This year I attended my 35th consecutive Final Four in Houston, TX. There were six regulars and one new attendee in our group. Chris Korth, my Final Four partner on all thirty five, Emmet Kenney, attending his 25th, Calvin Rider (23rd), Bren Abbott (22nd), Matt Hesse (14th) and our new guy was Mark Wellmeyer who who attending his 2nd but his first with us. All totalled, this group had taken in 156 Final Fours.

A couple of the Houston media outlets found our three-plus decade Final Four quest to be a compelling story. On the Tuesday before the final Four, the Houston Chronicle published a story by sports reporter, Joseph Duarte, on Chris and me. He had conducted a phone interview of each of us the week before and asked for some photos of previous trips.

On Friday, just after we arrived in Houston, the local NBC affiliate, KPRC, interviewed us for their 10 PM news show. Our reporter, Laine Fritz, was on her fifth day on this job in Houston. She was a good sport as we got into the cocktails before she and her cameraman (woman), Simone Eli, arrived. When they left, we did not think we had given them much to work with. But she did a tremendous job of piecing a story together.

It was a fun way to start the weekend and it launched us into an extended round of reminiscing about March Madness past over dinner.

As for the games, Saturday delivered a pair of snoozers. In the first national semifinal game, Villanova thumped Oklahoma 95-51 in the most lopsided Final Four game of all time. Game two provided a little more drama as North Carolina whipped Syracuse 83-66 setting up a Villanova vs. North Carolina matchup in the Monday night title tilt.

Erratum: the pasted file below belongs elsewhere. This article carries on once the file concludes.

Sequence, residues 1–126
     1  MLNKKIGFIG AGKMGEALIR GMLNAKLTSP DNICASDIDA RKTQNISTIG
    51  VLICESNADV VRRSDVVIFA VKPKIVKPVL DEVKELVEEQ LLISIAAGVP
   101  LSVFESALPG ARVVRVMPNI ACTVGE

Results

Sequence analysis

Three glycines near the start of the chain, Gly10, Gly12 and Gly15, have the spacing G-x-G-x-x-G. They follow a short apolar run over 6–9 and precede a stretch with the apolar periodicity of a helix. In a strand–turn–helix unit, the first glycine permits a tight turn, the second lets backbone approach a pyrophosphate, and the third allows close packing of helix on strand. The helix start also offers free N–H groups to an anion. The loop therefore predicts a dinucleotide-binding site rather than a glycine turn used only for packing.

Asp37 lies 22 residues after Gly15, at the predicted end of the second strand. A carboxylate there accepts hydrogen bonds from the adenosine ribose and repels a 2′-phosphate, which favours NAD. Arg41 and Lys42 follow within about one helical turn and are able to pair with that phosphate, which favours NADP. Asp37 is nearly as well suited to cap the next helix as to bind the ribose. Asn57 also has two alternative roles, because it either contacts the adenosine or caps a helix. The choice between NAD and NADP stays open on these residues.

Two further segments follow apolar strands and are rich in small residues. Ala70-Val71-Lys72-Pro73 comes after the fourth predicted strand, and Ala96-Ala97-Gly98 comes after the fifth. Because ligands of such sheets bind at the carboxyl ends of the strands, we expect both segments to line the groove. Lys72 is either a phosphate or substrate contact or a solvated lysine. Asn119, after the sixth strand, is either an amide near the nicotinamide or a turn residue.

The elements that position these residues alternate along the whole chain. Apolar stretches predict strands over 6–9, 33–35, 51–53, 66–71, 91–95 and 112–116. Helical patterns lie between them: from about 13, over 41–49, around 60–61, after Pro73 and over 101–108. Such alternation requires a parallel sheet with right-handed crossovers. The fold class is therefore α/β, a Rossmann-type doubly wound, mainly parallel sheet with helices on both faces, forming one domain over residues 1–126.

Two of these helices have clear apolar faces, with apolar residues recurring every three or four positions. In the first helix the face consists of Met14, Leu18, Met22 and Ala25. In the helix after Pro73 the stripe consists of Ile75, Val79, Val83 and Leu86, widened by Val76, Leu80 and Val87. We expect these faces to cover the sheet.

While North Carolina was a 2.5 point favorite, the computer simulators had Villanova winning 50.1% of the games, North Carolina winning 49.9%. It looked like we could be in for a good championship game.

Well no one could have predicted what a tremendous game we would have. To say that Villanova won 77-74 in an instant classic would be a severe understatement. This was a great game from tip to buzzer. The quality of basketball was very high. Rather than try to detail all of the action in the final minute and a half, you can watch it below:


Knowing that I had been to 35 Final Fours, almost immediately, the texts and calls from friends began asking me if this was the best game I've seen. That's an interesting question and I decided to reserve judgement until we get past the immediate drama and emotion. We live in a "Now" moment...every year we hear "this is the best tournament ever" because of the upsets...that happen every year.

Let me point out that I have seen some pretty good Final Four games. Even if we limit the choices to championship games only, I have seen some dramatic finishes.

1982 - North Carolina vs. Georgetown

1983 - North Carolina State vs. Houston

1985 - Villanova vs. Georgetown

1987 - Syracuse vs. Indiana

1989 - Michigan vs. Seton Hall

2010 - Butler vs. Duke

(Note that the first five of these games occurred in my first eight trips to the Final Four. Is there any wonder why I kept going back?!)

...and this list omits two overtime games and a couple of HUGE upsets that have taken place. There have been some truly remarkable games over the past thirty five years. 

Perhaps you can appreciate why I hesitate to call Villanova's win over North Carolina best I've ever seen. It is a classic and it will always be mentioned when the list of greatest games is being discussed. Kris Jenkins will always be remembered for that shot. Had he not made it though, it would be Marcus Paige's double clutcher that we would be talking about.